After a few days of following this routine, I could sense God teaching me a greater lesson through it, and I began to feel convicted by my own hypocrisy. While I was urging Liam to build a better foundation, I had been ignoring my own. My quiet times had become shorter and were getting pushed later into the day, even to the extent that I skipped a few a couple of times. In my own attempts to build something impressive out of my life, I had neglected my own foundation, and the fruits of my labor were now threatening to come crashing down like my son’s Lego trains. It brought the following Bible verse to mind:

Unless the Lord builds the house, they labor in vain who build it; unless the Lord guards the city, the watchmen stays awake in vain.”

Psalms 127:1

Looking back on the month of October, I can see that I spent a good chunk of it laboring in vain. I didn’t tend to my foundation by spending time with God in the first hours of the morning, nor did I seek out His wisdom or guidance in how or what to “build” each day. Instead, I began the projects of October with my own agenda in mind.

I couldn’t help but think about the Tower of Babel as described in Genesis 11 when I considered all of this. The people set out to build a tower that would reach to the heavens in hopes of making a name for themselves. They wanted to seek their own glory and thought this tower would do the trick. God thwarted their plans, however, and the tower was left unfinished. He would not share His glory with another.

Much like the people from the Tower of Babel, I find myself seeking my own glory all too often, attempting to build tall towers of my own. It’s a struggle that I have to fight against daily, especially when it comes to writing. God has been gracious to me, however, in that He allows me to experience writer’s block quite a bit. I’m beginning to see it as a gift from Him because it’s the exact thing I have needed to recognize when my motives have become self-centered, and it’s precisely what makes me repent and ask God to help me write for His glory.

Nonetheless, I believe that I could avoid this pattern more if I were to earnestly begin my day in God’s Word and surrender my desires, thoughts, plans, and dreams to Him each morning. After all, any of my labor towards any of these things is only in vain if God is not in it, and He has not placed me or any of us on this earth to fulfill our own purposes.

God created us to glorify Him, and He has prepared good works in advance for us to do (Ephesians 2:10), so we need to seek His face each day so that He can build up His kingdom through our lives. Because, unless He builds the house, all other labor is in vain. It is nothing more than teetering Lego train cars without a foundation set in Him.

In God We Trust

The presidential election has left me feeling anxious like nothing else this year, and since we all know what this year has entailed in general, that’s saying a lot. I get nervous thinking about what our country might look like after the next four years. I honestly start to panic if I think about it too much. It’s a topic that I have had to continually bring to God in prayer.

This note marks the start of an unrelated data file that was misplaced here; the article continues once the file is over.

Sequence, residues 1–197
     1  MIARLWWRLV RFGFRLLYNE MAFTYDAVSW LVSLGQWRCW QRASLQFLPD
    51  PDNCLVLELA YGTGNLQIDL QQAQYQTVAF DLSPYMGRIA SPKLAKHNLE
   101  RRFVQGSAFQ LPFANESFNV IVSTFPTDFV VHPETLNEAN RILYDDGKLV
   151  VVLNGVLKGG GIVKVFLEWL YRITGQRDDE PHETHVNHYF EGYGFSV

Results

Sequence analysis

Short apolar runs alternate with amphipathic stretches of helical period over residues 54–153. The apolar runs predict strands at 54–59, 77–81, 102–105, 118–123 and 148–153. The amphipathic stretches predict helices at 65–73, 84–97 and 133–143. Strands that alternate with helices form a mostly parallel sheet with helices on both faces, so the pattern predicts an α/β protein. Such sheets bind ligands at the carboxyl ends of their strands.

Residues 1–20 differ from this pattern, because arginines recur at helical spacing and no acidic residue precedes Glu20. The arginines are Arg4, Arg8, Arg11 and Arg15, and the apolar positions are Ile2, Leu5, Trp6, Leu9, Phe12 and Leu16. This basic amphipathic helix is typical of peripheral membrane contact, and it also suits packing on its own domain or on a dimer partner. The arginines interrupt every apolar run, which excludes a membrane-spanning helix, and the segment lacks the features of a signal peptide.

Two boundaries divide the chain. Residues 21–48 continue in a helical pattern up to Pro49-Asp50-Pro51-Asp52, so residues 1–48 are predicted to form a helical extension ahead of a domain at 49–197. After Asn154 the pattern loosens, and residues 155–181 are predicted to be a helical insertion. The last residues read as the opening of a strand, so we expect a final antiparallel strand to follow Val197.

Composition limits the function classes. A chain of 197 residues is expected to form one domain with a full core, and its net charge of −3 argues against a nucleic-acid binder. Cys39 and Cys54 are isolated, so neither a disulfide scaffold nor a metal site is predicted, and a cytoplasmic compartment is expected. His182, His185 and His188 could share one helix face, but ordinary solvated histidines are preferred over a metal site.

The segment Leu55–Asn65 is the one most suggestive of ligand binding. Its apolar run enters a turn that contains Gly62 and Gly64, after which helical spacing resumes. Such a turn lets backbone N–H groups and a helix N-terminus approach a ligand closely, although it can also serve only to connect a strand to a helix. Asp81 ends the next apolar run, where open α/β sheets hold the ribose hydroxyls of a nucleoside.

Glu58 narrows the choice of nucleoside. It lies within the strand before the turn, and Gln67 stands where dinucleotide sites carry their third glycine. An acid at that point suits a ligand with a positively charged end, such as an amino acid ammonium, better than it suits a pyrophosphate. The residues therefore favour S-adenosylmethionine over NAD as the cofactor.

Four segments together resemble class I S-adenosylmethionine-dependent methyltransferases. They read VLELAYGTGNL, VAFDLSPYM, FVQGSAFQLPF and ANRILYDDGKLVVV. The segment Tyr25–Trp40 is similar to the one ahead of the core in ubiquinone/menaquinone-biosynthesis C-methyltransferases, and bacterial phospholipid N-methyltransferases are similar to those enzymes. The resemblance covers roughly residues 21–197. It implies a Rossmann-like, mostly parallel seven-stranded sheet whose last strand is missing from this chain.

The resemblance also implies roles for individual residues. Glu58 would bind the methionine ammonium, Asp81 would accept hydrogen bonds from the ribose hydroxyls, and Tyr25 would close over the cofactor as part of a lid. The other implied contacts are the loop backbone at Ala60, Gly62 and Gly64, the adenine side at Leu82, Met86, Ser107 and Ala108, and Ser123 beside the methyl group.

Throughout these last few months, the LORD has given me a few verses and thoughts to help redirect my trust back to Him. They are as follows:

  1. Psalm 20:7

“Some trust in chariots and some in horses, but we trust in the name of the LORD our God.”

When King David wrote this Psalm, horses and chariots were used as weapons of war, so he was essentially stating that, while other nations might trust in their weapons, military power, or might, he and the Israelites would place their trust in God. It was God’s favor that would bring them the victory in battle and be their source of protection.1

Nations still place their trust in their weapons, military power, and might today. Nowadays, some are most likely placing their trust in a cure or in a better economic or social situation for the future as well. And in this nation in particular, there are undoubtedly many people who are placing their trust in their preferred presidential candidate and what it will mean for the country if that person wins the election. We are all looking for our own source of comfort and protection in some way. As believers, however, our trust is not in any of these things. We trust in the name of the LORD our God. Even when life seems dismal, He promises to work all things together for good for those who love Him and are called according to His purpose (Romans 8:28). No other leader can keep a promise like that. No other person is worthy of our trust like He is.

2. Proverbs 21:1

“The king’s heart is a stream of water in the hand of the Lord; he turns it wherever he will.”

This verse has served to remind me that God is still in control regardless of what happens to our nation or the world. It has also made me think of moments throughout Scripture in which God has proven this verse to be true.